This author needs a budget. . .

The thing about self-publishing is that profits are a trickle, not a flood. Making a little more than a $1 a sale for eBooks (and that's with a 70% royalty rate) and only slightly more for paperbacks (production costs eats up most of the $7.99 I sell my books at.), they just seem so tiny that "budgeting" seems silly.

Thankfully my expenses are likewise tiny and most of them are one time or yearly expenses. My membership and domain name purchase for took the largest chunk early in the year, but other than that, my only expenses for the longest time were the $6 I'd spend on proof copies in the final editing stages for my book (I've done this about three times) and any hard copies I would purchase for myself. Still, it took several months to make back these expenses.

Then last month things started really looking up financial wise. I was in the black for the first time.

royalties earned for the last 30 days

My  profits actually started to  impress Matt, and he's a hard man to impress. I'd do my little dance every time I made a sale, show him my climbing graph, he'd joke about me finally being able to buy us dinner.

But then some unexpected (and somewhat expected but delayed) expenses related to my writing came up. My friend who did my  cover art for both of "The Dragon and the Scholar" books had been really nice about not asking for payment. It was a "when you feel you've made enough, give me what you think is fair" sort of arrangement, but with two remaining book covers needing to be done and already in debt to her for two, I went ahead and "cut her a check" (not actually a check. Nobody wants checks anymore.) for what was probably a small amount by industry standards but weighed against my profits still seemed like a lot.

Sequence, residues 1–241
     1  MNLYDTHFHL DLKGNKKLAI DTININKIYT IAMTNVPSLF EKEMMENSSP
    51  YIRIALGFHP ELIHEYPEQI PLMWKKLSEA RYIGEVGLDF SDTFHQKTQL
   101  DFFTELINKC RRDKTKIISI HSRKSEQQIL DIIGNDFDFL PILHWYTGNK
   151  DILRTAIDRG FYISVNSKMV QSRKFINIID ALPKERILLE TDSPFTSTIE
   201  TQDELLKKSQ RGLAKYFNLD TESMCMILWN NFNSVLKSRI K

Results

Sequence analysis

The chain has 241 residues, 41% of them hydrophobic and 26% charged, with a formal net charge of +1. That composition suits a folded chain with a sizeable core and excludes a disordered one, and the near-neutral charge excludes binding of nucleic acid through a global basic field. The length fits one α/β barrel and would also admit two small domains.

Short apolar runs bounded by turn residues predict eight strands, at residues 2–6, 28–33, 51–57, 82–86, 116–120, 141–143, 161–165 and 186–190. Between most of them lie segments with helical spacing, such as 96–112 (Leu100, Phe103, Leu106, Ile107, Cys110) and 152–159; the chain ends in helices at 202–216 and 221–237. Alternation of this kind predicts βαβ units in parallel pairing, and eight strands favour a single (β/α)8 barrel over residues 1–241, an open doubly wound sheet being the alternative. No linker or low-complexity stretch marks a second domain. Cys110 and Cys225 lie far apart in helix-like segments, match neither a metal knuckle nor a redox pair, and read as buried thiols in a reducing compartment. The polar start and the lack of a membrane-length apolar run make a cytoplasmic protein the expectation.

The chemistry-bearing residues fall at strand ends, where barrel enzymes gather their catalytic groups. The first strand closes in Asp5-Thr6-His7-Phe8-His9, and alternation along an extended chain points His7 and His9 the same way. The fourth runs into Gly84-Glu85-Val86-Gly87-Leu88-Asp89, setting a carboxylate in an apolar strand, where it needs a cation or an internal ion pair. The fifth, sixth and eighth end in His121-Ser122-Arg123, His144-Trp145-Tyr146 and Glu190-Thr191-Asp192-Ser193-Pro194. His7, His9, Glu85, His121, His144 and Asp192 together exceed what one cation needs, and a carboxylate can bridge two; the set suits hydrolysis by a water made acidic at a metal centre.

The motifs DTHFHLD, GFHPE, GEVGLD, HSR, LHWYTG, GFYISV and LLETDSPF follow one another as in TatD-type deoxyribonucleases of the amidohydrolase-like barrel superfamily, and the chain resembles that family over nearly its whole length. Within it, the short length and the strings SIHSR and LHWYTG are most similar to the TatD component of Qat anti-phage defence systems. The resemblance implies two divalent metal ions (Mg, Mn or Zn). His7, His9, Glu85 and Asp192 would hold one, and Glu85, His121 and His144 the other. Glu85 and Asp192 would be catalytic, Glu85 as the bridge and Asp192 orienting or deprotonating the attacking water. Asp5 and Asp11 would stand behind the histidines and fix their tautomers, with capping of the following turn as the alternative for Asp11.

Still, money was still trickling in, and good cover art is a reasonable expense. EBooks don't sell with poor cover art.
The next expense happened because I read an article on self-promotion that said I should always have copies of my book on hand in case the opportunity to talk about them presents itself, in my purse or the trunk of my car, so I sprang for 10 copies of each of my three published books. Even with the discounted rate I get from createspace, that cost a decent amount of money, and I didn't really purchase enough to even stock a good sized booth at a craft fair (I am not aware of any craft fairs around here anyway).

The final expense has been giveaway copies. I did two good reads giveaways and have given away a lot of blogger copies and that's added up more than I expected. I've always done giveaways, but it has been maybe one a month, and I don't really feel that, expense wise. This month I have given away a ton of copies, and it probably added up to over a hundred dollars.

I'm not looking forward to telling Matt about these expenses (he doesn't read my blog). He's not controlling when it comes to finances or anything, but we've been talking about budgeting a lot lately (there have been a ton of household and unexpected expenses lately and we had some minor flooding last week which means we'll have to replace the carpet in the two lower level rooms), and admitting I spent a fairly good chunk of  money on my writing is not something I wanted to add to that right now.

So, lesson learned. I need to budget things like review copies and giveaways and spread them out more so my royalties have a chance to rebuild so I'm not going into the author-red (for the sake of this post, author-red means where my royalty income is lower than my writing expenses. I probably didn't need to explain that, did I?). I need to  anticipate cover design expenses and try and put that aside.

It is just hard to budget when you don't know how much will be coming in and when. If I assumed that every month forward would be like this month, with me making $50+, I'd end up in the black this year, even with the recent expenses, but there is no guarantee of that.

So, I'll just have to wait and see how this turns out. Wish me luck.

Dragon's Curse (The Dragon and the Scholar)

Dragon's Debt (The Dragon and the Scholar)